Fear is Italy’s best friend for today’s clash, suggests Donal Lenihan.
Let’s call a spade a spade here. Italy have been shocking for some time now, a pale shadow of the side that Ireland and others found very difficult to subdue over a succession of Six Nations Championships in recent years. However they have been way off the pace in this World Cup to date.
Preparations for the tournament were suspended for a period when the players refused to train due to dissatisfaction over bonus payments. The FIR proposed a one-off bonus scheme based on their overall performance in the tournament, the players wanted a match-by-match scheme. Not exactly a ringing endorsement from the players as to their prospects.
Recent results have been really poor, none more so than a 47-7 trouncing by Scotland in Murrayfield only five weeks ago. Last Saturday, they barely got over the line against Canada (23-18) in a game the Canadians should have won.
Italian coach Jacques Brunel will leave his position after the tournament but his body language suggests that, not only is he in the departure lounge, he already has two feet on the steps of the plane. Even he admitted after last weekend’s disappointing showing that, if they didn’t get their act together, Ireland could embarrass them. All is not well in the Azzurri camp.
The Italians are a proud bunch, however, and there will be a recognition within the squad that if they don’t step up to the plate, it could be another long day. That fear factor could be Italy’s friend tomorrow. With only Romania left to play after this, the players know they will have to step up appreciably in terms of performance if they are to take anything from this World Cup.
In their tournament opener against France, they were typically obdurate for a period but, as ever, their discipline let them down before the French, playing well within themselves, stretched to a 32-10 win. Ireland would gladly accept that scoreline now.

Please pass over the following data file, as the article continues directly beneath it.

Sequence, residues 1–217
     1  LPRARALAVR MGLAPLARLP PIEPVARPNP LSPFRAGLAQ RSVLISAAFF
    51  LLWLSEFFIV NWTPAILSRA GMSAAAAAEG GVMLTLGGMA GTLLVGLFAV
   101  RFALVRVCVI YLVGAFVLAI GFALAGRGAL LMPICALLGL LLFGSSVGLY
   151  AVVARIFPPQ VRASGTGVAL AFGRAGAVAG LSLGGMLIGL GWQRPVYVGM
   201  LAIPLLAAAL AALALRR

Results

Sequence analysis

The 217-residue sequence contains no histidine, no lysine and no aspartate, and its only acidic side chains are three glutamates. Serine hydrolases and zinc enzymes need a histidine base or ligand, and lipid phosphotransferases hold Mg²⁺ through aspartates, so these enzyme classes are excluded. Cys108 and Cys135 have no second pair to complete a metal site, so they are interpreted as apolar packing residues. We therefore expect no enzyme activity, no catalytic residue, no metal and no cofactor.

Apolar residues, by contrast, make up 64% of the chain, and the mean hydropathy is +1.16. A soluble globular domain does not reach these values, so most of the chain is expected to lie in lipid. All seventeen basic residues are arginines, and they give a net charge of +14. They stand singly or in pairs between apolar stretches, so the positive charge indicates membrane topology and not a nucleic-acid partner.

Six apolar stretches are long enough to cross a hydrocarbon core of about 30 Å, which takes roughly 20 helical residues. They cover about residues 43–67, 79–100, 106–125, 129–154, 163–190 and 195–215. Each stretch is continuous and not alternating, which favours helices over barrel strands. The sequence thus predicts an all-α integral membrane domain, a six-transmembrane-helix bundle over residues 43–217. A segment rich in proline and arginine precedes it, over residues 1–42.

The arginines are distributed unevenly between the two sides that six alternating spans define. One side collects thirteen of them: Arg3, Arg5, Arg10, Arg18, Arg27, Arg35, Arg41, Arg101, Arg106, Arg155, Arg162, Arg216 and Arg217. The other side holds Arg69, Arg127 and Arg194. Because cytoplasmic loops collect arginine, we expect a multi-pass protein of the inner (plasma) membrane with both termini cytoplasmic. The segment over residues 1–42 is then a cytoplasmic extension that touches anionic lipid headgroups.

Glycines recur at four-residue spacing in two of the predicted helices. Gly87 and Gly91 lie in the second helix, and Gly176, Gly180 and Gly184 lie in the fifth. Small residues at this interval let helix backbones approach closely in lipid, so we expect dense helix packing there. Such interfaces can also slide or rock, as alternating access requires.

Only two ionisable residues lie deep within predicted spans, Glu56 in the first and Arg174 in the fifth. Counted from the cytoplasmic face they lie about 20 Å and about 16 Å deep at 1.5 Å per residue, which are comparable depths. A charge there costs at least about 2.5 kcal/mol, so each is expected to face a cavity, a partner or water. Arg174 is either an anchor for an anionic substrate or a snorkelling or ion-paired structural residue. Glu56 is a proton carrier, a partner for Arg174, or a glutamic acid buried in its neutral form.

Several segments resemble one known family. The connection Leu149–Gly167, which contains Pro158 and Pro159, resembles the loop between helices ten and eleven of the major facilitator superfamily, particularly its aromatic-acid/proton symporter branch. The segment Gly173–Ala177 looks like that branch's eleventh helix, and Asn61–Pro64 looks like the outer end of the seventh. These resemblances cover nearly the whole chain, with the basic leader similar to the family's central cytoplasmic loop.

Question now is, is their one last stand in this Italian squad? Shorn two of their most consistent backs in Andrea Masi and Luca Morisi due to injury, their back play has lacked direction and conviction, while Tommaso Allan is yet another in a long line of Italian out-half’s to look short of the mark at this level.
The loss of their experienced and combative hooker Leonardo Ghiraldini, who captained the side in the absence of you know who, is another big blow. As ever then, it falls on Sergio Parisse, who only joined up with the squad last Monday, to lift morale and show the way. How often can Italy go to this particular well?
The Parisse phenomenon
Arguably no man has done more to aid the cause of his national team than Italian captain Sergio Parisse, set to win his 114th cap tomorrow. He only joined up with the squad on Tuesday and took part in his first training session on Wednesday.
The great one spent a considerable amount of time in hospital recently after surgery was required to drain a massive haematoma in his calf. Now that is hardly ideal preparation at the best of times but given their wretched form of late, you get the impression that Italy were prepared to recast him in the role of the great Spanish knight Rodrigo Diaz, immortalised in the film ‘El Cid’. Fit or not, he leads this Italian side out on the field. Short on confidence, this Italian team need their iconic leader at their side.